This afternoon, I had two goals for my hungry student: 1) find missing lengths of right triangles and 2) find various areas of composite figures. We were working on the latter, and came across an interesting problem; instead of being given the triangle’s lengths, you were given other measurements that could lead you to deduce their lengths.

We’re looking at this problem, and it’s been established that “*this *whole length is 25m, and *this* part says that 5m of that is already taken up. So what part is left for the base of the triangle?”

She couldn’t tell me. She started fidgeting and doing this nervous rocking thing she does, and I knew I needed to say it a different way. So I say, “let’s say I’m standing here, and you’re standing 25 meters away from me. If I walk 5 meters toward you, shortening that distance, how far away am I now?”

She narrowed her eyes and looked at me, and said, “isn’t it just… 5?”

“Well, if it was 5, then that would tell me that this 5 meters plus the 5 meters I just walked would add up to the total 25 meters. But I know 5 + 5 isn’t 25…”

Fidgeting, rocking more, and a murmur: “… that’s tricky…” (adorable)

Sigh. I gave in.

“So if I have 25 meters and I take away 5 of them, how many do I have left?” She immediately typed 25-5 into her calculator (yes, you read that right) and said, “20?”

The vocabulary of math is* crucial*. And crippling. She heard those key words “**take-away**” and knew that meant “push the minus button.” She could connect “**take-away**” to “subtract” but couldn’t connect *either* of those words to the actual *concept* of a number of meters being reduced by a certain amount. Even “**take-away**” has become a meaningless memorized term, something that obviously started out to ignite real understanding, but memorized to the point that it’s now just another math word. So when I’m *trying* to scaffold down to meet them so they actually *get *it, I run into these land-mine key words that clue them in to some prior math-class knowledge and screw everything up. It’s really weird to have to come up with ways to explain the concept of subtraction without saying the words “take” and “away” to close together. Crazy. What do they think “Take. Away.” *means?*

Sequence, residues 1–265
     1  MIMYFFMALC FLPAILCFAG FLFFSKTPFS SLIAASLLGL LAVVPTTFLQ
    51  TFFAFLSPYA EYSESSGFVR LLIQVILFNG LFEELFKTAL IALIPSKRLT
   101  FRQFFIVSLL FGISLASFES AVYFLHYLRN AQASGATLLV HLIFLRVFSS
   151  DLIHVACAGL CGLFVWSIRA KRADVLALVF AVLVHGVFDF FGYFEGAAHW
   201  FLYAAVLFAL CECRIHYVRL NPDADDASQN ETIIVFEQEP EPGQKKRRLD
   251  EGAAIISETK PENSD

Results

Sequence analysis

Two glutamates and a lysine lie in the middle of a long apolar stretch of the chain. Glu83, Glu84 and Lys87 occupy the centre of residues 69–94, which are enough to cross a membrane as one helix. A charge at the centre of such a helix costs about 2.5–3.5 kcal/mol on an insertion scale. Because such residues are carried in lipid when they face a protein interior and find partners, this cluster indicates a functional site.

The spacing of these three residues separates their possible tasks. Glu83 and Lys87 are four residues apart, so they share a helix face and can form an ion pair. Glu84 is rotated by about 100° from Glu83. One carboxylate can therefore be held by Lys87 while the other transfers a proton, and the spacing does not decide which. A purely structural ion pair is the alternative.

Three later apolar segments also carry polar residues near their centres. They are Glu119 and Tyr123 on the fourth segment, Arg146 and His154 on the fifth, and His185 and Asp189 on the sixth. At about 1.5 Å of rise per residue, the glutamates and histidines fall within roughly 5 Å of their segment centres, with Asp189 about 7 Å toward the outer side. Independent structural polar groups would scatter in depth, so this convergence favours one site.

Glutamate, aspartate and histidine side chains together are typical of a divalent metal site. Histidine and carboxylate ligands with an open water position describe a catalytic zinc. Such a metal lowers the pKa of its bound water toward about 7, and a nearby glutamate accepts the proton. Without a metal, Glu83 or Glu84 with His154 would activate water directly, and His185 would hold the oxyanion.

This week, I taught double digit subtraction with regrouping to my 2nd graders. They could not grasp the word or the concept of “regrouping.” So I made up a story about having to “borrow something (10) from the neighbor (the tens column).” They got it right away when I explained it to them like that. The problem now is that when I have them write down the steps involved in regrouping, they tell me the “borrowing from the neighbor” story every time, with absolutely no mention of the word “regrouping.” At least they’re grasping the concept…I’ll take it…for now!